appease

verb
ap·​pease | \ə-ˈpēz \
appeased; appeasing

Definition of appease 

transitive verb

1 : pacify, conciliate especially : to make concessions to (someone, such as an aggressor or a critic) often at the sacrifice of principles appeased the dictator by accepting his demands Placaters, who try hard to appease others so as to keep the peace, fear getting hurt in some way. — Mike Cote

2 : to cause to subside : allay appeased my hunger trying to appease her guilty conscience

3 : to bring to a state of peace or quiet : calm appease a quarrel

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Other Words from appease

appeasable \-​ˈpē-​zə-​bəl \ adjective
appeasement \-​ˈpēz-​mənt \ noun
appeaser noun

Choose the Right Synonym for appease

pacify, appease, placate, mollify, propitiate, conciliate mean to ease the anger or disturbance of. pacify suggests a soothing or calming. pacified by a sincere apology appease implies quieting insistent demands by making concessions. appease their territorial ambitions placate suggests changing resentment or bitterness to goodwill. a move to placate local opposition mollify implies soothing hurt feelings or rising anger. a speech that mollified the demonstrators propitiate implies averting anger or malevolence especially of a superior being. propitiated his parents by dressing up conciliate suggests ending an estrangement by persuasion, concession, or settling of differences. conciliating the belligerent nations

Examples of appease in a Sentence

But I imagine he and his siblings, who profited handsomely from the sale, have mixed emotions. They may be sad they had to sell, yet relieved that they are no longer under pressure to appease Wall Street's demand for growth and profits. — James Laube, Wine Spectator, 31 Mar. 2005 The first is that, in affluent America, mothering has gone from an art to a cult, with devotees driving themselves to ever more baroque extremes to appease the goddess of perfect motherhood. — Judith Shulevitz, New York Times Book Review, 20 Feb. 2005 It was last summer, and Gingell, then Sun Microsystems's chief software engineer, had an excuse: His twin-engine Cessna had broken down, and he'd lost track of time while he gabbed on the phone with his mechanic. That wasn't likely to appease Sun's famously tart-tongued CEO, Scott McNealy, who was getting his introductory briefing on a vital new technology initiative that happened to be Gingell's brainchild. — Erick Schonfeld, Business 2.0, September 2002 The California legislature's solution to this seemingly intractable problem was a politically appealing package with features to appease both utility investors and ratepayers. — Benjamin A. Holden, Wall Street Journal, 19 Feb. 1997 They appeased the dictator by accepting his demands in an effort to avoid war. His critics were not appeased by this last speech. They made sacrifices to appease the gods. We had no way to appease our hunger.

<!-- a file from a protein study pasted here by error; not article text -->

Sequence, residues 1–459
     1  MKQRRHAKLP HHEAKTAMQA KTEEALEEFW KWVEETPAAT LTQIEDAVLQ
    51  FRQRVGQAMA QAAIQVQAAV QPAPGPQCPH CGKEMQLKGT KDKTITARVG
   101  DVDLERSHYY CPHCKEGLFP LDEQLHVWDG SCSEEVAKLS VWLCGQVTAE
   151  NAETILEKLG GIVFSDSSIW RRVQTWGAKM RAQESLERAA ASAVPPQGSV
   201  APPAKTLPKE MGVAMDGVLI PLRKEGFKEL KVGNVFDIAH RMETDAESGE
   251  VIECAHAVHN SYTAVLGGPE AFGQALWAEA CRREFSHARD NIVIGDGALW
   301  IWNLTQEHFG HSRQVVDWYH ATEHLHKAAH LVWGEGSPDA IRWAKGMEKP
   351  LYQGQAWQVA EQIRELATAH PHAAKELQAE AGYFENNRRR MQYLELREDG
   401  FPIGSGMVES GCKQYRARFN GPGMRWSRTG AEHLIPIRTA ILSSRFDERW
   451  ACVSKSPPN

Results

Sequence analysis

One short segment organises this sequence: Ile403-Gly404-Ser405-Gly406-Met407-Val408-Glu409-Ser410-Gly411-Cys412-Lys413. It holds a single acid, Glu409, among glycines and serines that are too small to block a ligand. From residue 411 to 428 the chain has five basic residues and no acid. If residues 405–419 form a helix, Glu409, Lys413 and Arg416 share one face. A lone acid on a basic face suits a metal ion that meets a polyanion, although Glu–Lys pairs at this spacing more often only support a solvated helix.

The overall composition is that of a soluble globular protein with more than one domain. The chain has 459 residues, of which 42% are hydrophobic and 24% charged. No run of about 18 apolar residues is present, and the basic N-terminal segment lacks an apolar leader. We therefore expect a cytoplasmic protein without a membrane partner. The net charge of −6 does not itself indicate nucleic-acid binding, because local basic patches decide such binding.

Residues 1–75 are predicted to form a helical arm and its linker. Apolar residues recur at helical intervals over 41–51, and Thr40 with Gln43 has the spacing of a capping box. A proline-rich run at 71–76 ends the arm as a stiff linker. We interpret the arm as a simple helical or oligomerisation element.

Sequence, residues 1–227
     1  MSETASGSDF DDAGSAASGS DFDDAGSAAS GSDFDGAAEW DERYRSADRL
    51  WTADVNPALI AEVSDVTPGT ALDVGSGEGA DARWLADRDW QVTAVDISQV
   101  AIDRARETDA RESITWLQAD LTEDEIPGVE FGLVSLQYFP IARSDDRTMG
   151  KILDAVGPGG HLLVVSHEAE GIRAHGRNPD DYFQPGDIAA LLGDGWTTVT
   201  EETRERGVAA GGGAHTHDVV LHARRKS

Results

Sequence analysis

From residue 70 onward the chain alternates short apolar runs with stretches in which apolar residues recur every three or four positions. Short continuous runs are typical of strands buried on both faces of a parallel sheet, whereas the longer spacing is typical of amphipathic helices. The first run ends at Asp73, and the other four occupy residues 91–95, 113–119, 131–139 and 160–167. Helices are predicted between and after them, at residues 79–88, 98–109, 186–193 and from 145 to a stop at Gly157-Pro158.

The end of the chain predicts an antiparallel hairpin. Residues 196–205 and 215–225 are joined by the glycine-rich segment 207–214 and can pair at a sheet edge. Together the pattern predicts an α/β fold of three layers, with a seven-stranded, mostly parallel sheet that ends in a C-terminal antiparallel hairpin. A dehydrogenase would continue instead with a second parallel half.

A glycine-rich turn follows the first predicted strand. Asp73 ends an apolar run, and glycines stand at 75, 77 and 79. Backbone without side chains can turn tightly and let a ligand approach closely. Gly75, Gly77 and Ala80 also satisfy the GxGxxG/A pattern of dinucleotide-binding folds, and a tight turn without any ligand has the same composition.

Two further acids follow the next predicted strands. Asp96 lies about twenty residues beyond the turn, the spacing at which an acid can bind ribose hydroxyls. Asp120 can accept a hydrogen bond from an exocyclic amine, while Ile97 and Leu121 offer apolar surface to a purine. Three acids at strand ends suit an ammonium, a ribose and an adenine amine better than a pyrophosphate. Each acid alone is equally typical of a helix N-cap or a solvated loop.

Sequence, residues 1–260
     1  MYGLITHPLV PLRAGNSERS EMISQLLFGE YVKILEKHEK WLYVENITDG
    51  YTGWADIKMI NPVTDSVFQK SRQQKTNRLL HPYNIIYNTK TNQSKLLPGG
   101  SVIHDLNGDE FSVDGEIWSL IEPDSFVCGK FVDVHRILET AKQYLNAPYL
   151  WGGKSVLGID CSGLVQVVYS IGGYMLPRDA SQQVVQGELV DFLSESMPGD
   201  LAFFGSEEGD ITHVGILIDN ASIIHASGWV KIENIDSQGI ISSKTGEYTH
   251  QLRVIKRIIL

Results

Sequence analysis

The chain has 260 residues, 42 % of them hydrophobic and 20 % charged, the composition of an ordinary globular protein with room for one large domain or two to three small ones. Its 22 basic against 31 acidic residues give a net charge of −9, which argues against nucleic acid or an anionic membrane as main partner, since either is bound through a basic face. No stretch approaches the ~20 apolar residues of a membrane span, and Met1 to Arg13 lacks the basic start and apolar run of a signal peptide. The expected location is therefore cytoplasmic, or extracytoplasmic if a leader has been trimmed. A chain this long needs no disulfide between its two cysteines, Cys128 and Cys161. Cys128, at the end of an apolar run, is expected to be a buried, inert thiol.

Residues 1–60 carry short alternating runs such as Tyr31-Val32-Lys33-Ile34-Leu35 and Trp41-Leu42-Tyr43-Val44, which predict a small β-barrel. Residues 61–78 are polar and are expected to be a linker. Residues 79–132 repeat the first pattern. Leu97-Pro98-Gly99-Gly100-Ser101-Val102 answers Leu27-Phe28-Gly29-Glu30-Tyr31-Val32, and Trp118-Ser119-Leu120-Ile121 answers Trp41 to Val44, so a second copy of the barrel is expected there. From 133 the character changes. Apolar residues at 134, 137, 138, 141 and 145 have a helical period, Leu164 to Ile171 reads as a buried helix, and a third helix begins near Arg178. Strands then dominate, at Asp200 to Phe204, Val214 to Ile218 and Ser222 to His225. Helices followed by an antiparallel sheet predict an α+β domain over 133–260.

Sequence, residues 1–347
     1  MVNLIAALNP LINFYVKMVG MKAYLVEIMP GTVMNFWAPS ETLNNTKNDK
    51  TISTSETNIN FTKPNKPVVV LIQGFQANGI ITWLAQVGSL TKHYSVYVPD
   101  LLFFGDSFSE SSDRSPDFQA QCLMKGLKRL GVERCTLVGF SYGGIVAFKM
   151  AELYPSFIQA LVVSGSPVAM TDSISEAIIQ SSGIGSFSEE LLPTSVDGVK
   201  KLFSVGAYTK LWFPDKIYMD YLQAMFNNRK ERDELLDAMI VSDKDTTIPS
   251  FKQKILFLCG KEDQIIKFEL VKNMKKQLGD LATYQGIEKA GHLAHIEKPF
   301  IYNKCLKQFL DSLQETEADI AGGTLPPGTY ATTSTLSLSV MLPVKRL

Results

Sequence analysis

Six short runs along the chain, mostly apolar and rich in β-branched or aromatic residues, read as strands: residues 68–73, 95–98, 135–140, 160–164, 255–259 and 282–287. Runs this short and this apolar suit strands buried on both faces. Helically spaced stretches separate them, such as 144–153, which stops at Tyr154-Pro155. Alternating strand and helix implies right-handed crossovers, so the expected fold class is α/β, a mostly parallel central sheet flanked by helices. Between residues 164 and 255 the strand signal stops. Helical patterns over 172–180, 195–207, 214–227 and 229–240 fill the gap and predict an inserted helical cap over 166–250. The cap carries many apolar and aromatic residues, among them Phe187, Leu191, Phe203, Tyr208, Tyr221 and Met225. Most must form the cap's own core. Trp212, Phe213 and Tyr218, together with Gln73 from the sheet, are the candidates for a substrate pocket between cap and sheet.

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Recent Examples on the Web